The Iraqi Al-Qaeda became the dreaded ISIS, and unsurprisingly the newborn organization has found numerous applicants in anti-Assad rebels. The global involvement in this seemingly minor, local conflict shows that the web of interlocking interests is far more intricate than a straightforward Us versus Them, Good vs Evil war. You have the Americans fighting the Russians, pro-Assad forces fighting the rebels, allies fighting ISIS, and Turks fighting Kurds. In this context, Israel’s wish to protect its legitimate interests and territories is challenging to say the least.
Are there reasons for hope?
As expertly shown in a survey, the conflict between Israel and Syria is paradoxical when analyzed from the outside. The two countries barely reach 20 million souls combined. A dispute between two nations of this size would typically go unnoticed globally. Of course, that’s not the case here, as their shared animosity is representative of the more significant, ongoing, Arab-Israeli conflict.
The Palestinian problem is at the core of most Western commentaries on the Middle Eastern political and military climate. However, the most pressing threat to Israel's security ever since the country’s establishment in 1948 remains Syria.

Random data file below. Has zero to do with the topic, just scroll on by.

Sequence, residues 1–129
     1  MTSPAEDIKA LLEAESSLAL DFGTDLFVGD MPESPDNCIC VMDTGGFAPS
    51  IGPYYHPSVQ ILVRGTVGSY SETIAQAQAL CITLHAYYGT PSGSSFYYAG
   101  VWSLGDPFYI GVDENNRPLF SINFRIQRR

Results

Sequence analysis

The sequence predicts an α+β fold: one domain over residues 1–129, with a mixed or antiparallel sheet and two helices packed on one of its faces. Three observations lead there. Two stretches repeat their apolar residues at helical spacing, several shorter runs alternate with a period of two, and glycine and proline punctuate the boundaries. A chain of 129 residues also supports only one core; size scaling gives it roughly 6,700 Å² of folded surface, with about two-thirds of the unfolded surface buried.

Still, Syria alone does not pose a direct threat in the current state of affairs. The country cannot draw Israel into a war of continental proportions. Also, the humanitarian aid provided by Israel at the height of the civil war shows there might be ground for peace at some point.
On the other hand, the complications brought about in the region by Iranian proxies, Russian involvement, extremist ethnic groups, and so on do represent a threat, albeit manageable in the foreseeable future. Israel will continue to benefit from the support of the most significant military force. Consequently, a blunt, head-on confrontation with nuclear power Iran seems highly unlikely. Based on the present landscape, the US-sanctioned system of checks and balances will continue to be in effect for the years to come, preventing a full-scale war in the Middle East.